Biblical sources help promote authenticity
The Rev. Kent Winters-Hazelton, pastor, First Presbyterian Church, 2415 Clinton Parkway:
An honest answer is both no and yes: It depends on what one understands as the source of any sacred Scripture. For example, if one thinks Scripture is a written record of the revelation of the Holy - this is what God said - then an honest evaluation of the text would suggest no. The Bible, the sacred text that I am most familiar with, makes several scientific and historical claims that are inaccurate. There are statements that do not reflect the will of a good and gracious God (see Psalm 137:9). Moreover, our translations are based on handwritten copies of other, earlier handwritten copies. We do not have the original manuscripts of any text of the Bible. Biblical scholar Bart Ehrman this year's Theologian in Residence in Lawrence, has pointed out that there are more text variants in the Christian New Testament than actual words. Thus, we do not have a literal, error-free text of God's spoken word.
For many believers, however, the sacred texts reflect the longing of human beings who wrestled with the deep questions of human life: Who is God? What is the meaning of life? What should I do with my life? Their contemporaries found wisdom and strength in these accounts and collected them for their reflection on the mystery of the Holy. In our journey of faith, we too, are nurtured, comforted and challenged by these writings, and drawn closer to the presence of the Holy in our lives and in our world. The God who still speaks continues to address our hearts, minds and souls through these sacred texts. They are indeed trustworthy for our faith and practice.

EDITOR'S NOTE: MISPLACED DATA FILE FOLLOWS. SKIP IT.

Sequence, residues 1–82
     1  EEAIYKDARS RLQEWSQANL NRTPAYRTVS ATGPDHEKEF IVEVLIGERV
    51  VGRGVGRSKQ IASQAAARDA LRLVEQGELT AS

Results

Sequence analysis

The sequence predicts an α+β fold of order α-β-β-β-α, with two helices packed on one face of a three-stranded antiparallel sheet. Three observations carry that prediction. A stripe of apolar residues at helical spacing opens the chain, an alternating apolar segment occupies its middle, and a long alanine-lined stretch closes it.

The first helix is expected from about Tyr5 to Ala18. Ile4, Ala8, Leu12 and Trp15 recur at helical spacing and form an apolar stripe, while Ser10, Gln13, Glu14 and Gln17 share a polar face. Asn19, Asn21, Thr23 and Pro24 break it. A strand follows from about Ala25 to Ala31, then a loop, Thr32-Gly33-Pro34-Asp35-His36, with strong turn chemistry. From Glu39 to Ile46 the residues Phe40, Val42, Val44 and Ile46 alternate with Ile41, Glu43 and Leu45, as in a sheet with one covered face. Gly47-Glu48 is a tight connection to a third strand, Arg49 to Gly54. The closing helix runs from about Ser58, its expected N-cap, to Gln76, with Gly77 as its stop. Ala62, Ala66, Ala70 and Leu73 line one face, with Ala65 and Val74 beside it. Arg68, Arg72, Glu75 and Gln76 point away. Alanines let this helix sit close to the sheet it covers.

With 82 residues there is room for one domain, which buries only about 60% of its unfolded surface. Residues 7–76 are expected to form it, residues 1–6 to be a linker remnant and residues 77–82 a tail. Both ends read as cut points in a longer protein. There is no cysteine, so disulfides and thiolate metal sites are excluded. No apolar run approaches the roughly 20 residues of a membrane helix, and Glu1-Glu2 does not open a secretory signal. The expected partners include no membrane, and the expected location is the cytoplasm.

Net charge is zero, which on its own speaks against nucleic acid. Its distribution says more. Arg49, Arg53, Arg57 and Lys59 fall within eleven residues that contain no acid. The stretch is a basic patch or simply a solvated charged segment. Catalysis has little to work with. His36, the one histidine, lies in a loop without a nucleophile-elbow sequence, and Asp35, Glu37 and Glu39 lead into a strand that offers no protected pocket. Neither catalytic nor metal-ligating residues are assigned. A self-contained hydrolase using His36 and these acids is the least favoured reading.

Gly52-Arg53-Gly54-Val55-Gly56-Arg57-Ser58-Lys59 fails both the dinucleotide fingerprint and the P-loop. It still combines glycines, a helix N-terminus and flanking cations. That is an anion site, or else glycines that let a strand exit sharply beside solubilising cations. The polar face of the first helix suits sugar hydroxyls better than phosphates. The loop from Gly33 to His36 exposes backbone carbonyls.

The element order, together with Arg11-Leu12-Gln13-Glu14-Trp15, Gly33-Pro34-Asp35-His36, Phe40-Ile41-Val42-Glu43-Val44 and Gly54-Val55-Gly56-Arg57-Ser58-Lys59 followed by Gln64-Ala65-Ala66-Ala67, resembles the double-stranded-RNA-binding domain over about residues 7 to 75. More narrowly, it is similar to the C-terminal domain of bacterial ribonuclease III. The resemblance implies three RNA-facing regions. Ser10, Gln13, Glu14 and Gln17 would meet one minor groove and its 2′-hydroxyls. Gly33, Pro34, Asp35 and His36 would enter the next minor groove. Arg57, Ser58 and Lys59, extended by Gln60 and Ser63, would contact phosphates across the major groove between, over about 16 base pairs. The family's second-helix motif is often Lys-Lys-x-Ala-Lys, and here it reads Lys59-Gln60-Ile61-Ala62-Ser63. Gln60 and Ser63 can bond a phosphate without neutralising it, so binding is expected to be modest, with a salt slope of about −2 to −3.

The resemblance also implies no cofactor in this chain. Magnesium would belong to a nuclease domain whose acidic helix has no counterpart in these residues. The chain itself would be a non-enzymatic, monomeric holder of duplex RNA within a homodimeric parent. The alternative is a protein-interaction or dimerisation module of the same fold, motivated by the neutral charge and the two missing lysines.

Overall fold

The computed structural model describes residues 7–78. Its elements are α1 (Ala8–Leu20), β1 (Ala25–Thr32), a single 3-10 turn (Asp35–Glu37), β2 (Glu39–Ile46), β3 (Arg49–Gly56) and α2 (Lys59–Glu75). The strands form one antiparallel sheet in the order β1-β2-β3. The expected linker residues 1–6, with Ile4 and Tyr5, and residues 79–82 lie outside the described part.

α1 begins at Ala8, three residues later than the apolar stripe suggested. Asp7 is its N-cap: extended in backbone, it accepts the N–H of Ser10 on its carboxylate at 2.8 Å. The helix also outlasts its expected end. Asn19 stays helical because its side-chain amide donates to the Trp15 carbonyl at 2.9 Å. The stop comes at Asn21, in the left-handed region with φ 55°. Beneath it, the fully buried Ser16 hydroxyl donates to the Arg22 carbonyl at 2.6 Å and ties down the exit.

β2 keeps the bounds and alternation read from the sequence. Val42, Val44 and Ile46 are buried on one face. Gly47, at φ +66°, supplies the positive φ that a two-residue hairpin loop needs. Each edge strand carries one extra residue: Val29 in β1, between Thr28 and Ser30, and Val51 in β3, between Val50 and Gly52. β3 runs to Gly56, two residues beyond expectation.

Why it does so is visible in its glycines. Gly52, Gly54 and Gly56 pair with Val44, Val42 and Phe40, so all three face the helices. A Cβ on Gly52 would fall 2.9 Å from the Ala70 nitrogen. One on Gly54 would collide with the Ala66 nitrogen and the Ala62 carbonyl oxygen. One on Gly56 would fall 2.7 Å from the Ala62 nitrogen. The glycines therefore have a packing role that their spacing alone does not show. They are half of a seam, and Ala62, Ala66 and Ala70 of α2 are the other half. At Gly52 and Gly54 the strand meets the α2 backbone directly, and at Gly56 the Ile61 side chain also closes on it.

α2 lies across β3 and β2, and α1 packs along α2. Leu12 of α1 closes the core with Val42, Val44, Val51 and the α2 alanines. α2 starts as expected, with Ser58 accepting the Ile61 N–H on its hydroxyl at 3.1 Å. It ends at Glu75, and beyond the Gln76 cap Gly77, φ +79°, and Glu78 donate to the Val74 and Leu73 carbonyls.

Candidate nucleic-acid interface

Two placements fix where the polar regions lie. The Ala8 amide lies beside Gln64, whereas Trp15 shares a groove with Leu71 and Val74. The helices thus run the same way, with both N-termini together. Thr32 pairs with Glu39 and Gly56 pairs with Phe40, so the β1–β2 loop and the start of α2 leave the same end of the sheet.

- Send e-mail to Kent Winters-Hazelton at firstname.lastname@example.org.
Today's Bible is almost the exact same thing
Doug Heacock, contemporary worship leader, Lawrence Free Methodist Church, 3001 Lawrence Ave.:
A brief article in the newspaper can't begin to unravel all of the evidence for the authenticity of the Scriptures, so for those who are truly interested in this question, let me recommend a book by Norman Geisler and William Nix titled, "From God to Us: How We Got Our Bible." This is one of the most concise explanations of how the Scriptures came to be in their present form that I have read, and I highly recommend it. I would also recommend a chapter in a book titled, "Why I Am a Christian: Leading Thinkers Explain Why They Believe," edited by Geisler and Paul Hoffman. Chapter nine of that book, "Why I Believe the New Testament is Historically Reliable," is quite helpful and readable.
Scholars tell us that we don't actually have any of the original manuscripts of any portion of the Bible - we have handwritten copies of copies of copies, etc. Common sense would suggest that if one wanted to have a version closest to the original, one would seek the oldest copy one could find, on the assumption that an earlier manuscript would be less likely to have errors introduced by a scribe than a later manuscript. Consider this fact: We believe that we have essentially accurate texts of the seven plays of Sophocles, but the earliest manuscript we have of any of these was written 1400 years after his death. For the New Testament alone, there are some 12,000 manuscripts (of at least portions), some of which were written within 100 to 200 years of the death of Christ.
Modern English translations are based on the best (oldest) of these. I believe the Bible we have today is essentially identical to what was originally written, based on many years of exacting biblical archaeology. I would also recommend that you read it.
- Send e-mail to Doug Heacock at email@example.com.